Viacom exposes crown jewels to world+dog in AWS S3 bucket blunder
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Passwords, server schematics and encryption keys up for grabs in open file store
Media monster Viacom has been caught with its security trousers down. Researchers found a wide-open, public-facing misconfigured AWS S3 bucket containing pretty much everything a hacker would need to take down the company's IT systems.
The data store, found by Chris Vickery, director of Cyber Risk Research at security shop UpGuard, contained 72 compressed .tgz files in a folder labelled mcs-puppet – which appears to be Viacom's Multiplatform Compute Services division, which handles IT systems for the firm.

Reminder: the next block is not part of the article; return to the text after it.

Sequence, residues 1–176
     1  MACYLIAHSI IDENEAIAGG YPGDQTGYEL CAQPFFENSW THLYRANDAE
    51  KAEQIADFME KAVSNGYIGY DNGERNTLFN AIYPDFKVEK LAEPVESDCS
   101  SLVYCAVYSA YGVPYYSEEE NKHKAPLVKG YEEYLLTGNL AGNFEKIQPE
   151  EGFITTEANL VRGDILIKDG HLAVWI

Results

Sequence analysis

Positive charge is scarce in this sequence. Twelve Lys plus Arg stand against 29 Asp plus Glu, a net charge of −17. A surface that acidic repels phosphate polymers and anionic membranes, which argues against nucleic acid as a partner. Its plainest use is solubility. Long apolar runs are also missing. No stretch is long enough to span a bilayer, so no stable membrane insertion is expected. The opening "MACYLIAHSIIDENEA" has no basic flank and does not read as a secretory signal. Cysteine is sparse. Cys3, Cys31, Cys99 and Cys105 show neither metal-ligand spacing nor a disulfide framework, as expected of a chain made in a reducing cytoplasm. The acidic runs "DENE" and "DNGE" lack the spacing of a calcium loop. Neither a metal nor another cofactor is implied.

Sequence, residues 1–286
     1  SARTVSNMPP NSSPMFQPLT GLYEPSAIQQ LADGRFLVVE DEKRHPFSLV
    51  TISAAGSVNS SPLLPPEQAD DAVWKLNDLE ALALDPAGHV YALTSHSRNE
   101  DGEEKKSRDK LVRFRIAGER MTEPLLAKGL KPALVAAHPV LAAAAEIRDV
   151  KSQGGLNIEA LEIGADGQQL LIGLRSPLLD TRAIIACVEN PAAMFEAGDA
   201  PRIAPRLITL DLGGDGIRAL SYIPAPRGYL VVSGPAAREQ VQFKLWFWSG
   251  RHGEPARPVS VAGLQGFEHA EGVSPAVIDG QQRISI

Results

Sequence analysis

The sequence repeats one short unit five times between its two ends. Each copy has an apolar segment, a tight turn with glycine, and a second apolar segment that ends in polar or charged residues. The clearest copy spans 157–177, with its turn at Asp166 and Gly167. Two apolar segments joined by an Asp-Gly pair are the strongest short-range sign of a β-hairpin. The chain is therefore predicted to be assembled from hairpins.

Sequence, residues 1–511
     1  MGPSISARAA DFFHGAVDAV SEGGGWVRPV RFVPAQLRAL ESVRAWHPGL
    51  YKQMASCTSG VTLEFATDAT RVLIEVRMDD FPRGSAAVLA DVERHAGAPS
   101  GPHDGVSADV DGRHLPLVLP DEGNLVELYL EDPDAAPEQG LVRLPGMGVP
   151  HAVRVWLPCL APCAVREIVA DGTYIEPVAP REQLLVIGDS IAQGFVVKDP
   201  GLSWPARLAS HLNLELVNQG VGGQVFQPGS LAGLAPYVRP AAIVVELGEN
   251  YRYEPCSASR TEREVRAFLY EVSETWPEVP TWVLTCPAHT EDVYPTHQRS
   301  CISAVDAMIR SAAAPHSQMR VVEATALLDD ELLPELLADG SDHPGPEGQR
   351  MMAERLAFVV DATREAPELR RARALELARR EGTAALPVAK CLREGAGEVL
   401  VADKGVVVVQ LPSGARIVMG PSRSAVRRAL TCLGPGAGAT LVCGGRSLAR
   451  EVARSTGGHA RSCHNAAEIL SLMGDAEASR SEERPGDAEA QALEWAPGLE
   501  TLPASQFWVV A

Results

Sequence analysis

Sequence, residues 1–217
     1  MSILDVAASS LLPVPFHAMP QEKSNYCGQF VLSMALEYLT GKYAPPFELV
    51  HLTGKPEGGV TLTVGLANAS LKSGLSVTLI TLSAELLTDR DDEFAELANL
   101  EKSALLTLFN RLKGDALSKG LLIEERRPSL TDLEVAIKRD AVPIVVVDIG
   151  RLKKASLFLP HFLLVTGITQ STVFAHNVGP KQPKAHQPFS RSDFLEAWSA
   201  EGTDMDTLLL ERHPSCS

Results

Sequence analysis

"The contents of the repository appear to be nothing less than either the primary or backup configuration of Viacom's IT infrastructure," the advisory states. "The presence of this data in an S3 bucket bearing MCS's name appears to further corroborate the Viacom group's mission of moving its infrastructure onto Amazon Web Services' cloud."
The Amazon-hosted bucket contained the passwords and manifests for Viacom's servers, as well as the access key and secret key for the corporation's AWS account. Some of the data was encrypted using GPG, but that wouldn't be an issue because the bucket also contained the GPG decryption keys.
Basically, had a hacker found this before Vickery, they would have had all the tools they needed to phish customers for their account details, spin up server instances that would accurately mimic Viacom's legitimate systems for use as a botnet or for other nefarious purposes, or provide invaluable information to allow hackers to take a trawl through Viacom's own networks.